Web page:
Advent .:. The Labor of Love

Jon J. Polk
Dec 13, 2019 · 3 min read

1 Thessalonians 1:3, 6, 9b-10a
We remember before our God and Father your work produced by faith, your labor prompted by love, and your endurance inspired by hope in our Lord Jesus Christ.
You became imitators of us and of the Lord, for you welcomed the message in the midst of severe suffering with the joy given by the Holy Spirit.
They tell how you turned to God from idols to serve the living and true God, and to wait for his Son from heaven…

Introduction: Advent is the season in which we anticipate and wait for Jesus’ return by remembering his first coming. Paul’s letters to the Thessalonian church are filled with references to Christ’s second coming, encouraging the believers to be actively waiting as they fully expected that Jesus would come back in their lifetime. Paul commends their work of faith, labor of love and endurance of hope.

Love is the present and continuing relationship between God and his people through Christ, but how about this “labor of love” that Paul references? It is a phrase typically used to refer to something we do out of a deep passion, motivated by love for those involved.

But love is so wonderful and light that to pair it with a word like labor seems almost incongruent. So why labor? In Paul’s description the labor in labor of love speaks in part to the ability to continue to follow God in the middle of struggle and persecution.

Certainly, persecution and suffering was common in the days of the early church, but what was happening to the believers in Thessalonica? It actually was partly the fault of Paul. In Acts 17, when the local Jews discovered Paul was there preaching and teaching, they ran him and his team out of the city. So if the other Jews didn’t like Paul, then certainly they were not too happy with all these ‘imitators’ of Paul also proclaiming the gospel message.

Whether or not there was physical persecution, their suffering certainly started with social ostracization, conflicts with their Jewish friends and neighbors, and pressure from the Gentiles as well. Thessolonica was a multi-cultural port city and you just don’t go around in a pluralistic society proclaiming an exclusive one true God without people being offended.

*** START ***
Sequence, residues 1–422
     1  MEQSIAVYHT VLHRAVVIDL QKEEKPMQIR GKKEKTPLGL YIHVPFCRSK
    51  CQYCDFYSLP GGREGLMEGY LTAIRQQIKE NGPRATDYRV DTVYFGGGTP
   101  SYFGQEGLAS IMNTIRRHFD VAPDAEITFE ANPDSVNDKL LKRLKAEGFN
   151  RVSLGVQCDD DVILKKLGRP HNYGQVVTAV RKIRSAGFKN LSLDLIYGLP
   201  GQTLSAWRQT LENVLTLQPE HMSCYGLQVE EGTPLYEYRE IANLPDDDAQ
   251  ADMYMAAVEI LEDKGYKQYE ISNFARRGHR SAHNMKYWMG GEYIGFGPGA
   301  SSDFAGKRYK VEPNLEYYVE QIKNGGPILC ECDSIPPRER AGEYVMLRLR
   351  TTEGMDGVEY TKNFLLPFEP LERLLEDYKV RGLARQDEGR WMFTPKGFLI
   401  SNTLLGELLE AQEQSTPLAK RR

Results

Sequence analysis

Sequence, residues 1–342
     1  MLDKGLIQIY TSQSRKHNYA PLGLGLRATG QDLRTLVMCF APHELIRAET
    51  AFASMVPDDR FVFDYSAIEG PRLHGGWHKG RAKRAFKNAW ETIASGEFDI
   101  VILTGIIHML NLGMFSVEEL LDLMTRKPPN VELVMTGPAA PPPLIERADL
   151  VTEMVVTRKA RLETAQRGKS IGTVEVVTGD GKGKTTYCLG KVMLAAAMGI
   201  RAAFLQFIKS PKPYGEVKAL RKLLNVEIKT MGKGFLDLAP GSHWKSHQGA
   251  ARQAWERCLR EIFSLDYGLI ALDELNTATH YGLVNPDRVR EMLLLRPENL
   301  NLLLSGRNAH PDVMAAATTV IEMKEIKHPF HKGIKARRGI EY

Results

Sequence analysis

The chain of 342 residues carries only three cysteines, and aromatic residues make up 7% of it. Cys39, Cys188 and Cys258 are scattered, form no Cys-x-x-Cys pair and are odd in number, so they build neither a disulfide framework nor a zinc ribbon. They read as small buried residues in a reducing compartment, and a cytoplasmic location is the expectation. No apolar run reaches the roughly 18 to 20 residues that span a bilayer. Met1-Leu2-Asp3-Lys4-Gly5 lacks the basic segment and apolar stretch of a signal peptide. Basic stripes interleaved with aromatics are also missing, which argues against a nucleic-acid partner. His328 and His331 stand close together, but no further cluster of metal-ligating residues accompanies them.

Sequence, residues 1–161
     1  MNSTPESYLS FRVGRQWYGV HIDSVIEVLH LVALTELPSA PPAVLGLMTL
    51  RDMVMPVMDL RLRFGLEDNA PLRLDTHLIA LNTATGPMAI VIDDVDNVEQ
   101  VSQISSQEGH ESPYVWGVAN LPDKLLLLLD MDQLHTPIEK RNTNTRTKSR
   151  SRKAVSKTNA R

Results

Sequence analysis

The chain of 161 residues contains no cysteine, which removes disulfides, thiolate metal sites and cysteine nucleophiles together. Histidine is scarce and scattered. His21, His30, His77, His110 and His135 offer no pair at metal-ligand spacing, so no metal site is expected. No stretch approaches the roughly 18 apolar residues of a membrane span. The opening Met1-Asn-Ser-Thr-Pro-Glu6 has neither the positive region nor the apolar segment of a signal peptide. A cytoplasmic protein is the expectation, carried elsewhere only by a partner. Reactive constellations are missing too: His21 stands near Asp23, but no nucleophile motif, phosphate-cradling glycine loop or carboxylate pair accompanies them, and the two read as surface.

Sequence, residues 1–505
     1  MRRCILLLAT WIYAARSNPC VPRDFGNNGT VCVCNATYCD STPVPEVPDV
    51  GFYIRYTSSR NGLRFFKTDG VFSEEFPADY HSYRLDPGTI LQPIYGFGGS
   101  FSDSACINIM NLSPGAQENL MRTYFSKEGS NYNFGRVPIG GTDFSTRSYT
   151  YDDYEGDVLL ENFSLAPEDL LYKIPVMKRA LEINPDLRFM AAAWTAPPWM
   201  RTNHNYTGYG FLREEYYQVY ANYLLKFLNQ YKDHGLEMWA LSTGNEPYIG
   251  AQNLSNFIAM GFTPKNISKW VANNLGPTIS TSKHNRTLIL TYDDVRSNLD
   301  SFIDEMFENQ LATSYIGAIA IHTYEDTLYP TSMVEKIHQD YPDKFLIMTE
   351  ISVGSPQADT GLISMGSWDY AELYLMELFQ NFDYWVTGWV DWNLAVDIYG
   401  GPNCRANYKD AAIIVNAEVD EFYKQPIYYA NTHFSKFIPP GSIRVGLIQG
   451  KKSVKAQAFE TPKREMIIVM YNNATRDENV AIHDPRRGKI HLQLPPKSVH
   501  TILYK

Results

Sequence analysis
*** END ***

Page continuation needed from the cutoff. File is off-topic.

But the believers were transformed by the labor of love within them. Their attitude towards their suffering had changed. Instead of complaints and laments, there was joy inspired by the Holy Spirit. Rejoicing through afflictions is a mark of the labor of love at work. As they actively waited for Jesus to return, they found joy in their suffering. We actively wait for Christ by doing the things God has called us to do because he loves us and will ultimately provide rescue and relief for us.

Actively waiting for the return of Jesus is supported by the labor of love. This Advent season, are you practicing the labor of love, enduring trials and difficulties with the confidence that God will see you through, and in so doing are you becoming an example to others? If not, what are you waiting for?

Originally published at

Jon J. Polk

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Striving to leave a legacy of a life well-lived and people well-loved.

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